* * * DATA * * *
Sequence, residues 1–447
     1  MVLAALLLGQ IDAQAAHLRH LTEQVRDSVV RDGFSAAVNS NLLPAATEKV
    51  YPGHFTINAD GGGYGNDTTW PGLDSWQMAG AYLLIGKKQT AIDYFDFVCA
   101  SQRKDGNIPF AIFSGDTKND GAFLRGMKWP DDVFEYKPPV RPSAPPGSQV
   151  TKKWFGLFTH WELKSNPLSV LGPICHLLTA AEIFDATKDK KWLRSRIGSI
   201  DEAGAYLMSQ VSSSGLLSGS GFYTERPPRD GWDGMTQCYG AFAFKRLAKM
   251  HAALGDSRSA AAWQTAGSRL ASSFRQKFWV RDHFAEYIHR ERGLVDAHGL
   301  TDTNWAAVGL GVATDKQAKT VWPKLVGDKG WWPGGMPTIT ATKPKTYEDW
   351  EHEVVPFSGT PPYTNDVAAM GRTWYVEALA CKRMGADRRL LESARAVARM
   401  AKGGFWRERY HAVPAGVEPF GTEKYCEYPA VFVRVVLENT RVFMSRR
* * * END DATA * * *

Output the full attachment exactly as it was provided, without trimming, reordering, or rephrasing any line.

Sequence, residues 1–447
     1  MVLAALLLGQ IDAQAAHLRH LTEQVRDSVV RDGFSAAVNS NLLPAATEKV
    51  YPGHFTINAD GGGYGNDTTW PGLDSWQMAG AYLLIGKKQT AIDYFDFVCA
   101  SQRKDGNIPF AIFSGDTKND GAFLRGMKWP DDVFEYKPPV RPSAPPGSQV
   151  TKKWFGLFTH WELKSNPLSV LGPICHLLTA AEIFDATKDK KWLRSRIGSI
   201  DEAGAYLMSQ VSSSGLLSGS GFYTERPPRD GWDGMTQCYG AFAFKRLAKM
   251  HAALGDSRSA AAWQTAGSRL ASSFRQKFWV RDHFAEYIHR ERGLVDAHGL
   301  TDTNWAAVGL GVATDKQAKT VWPKLVGDKG WWPGGMPTIT ATKPKTYEDW
   351  EHEVVPFSGT PPYTNDVAAM GRTWYVEALA CKRMGADRRL LESARAVARM
   401  AKGGFWRERY HAVPAGVEPF GTEKYCEYPA VFVRVVLENT RVFMSRR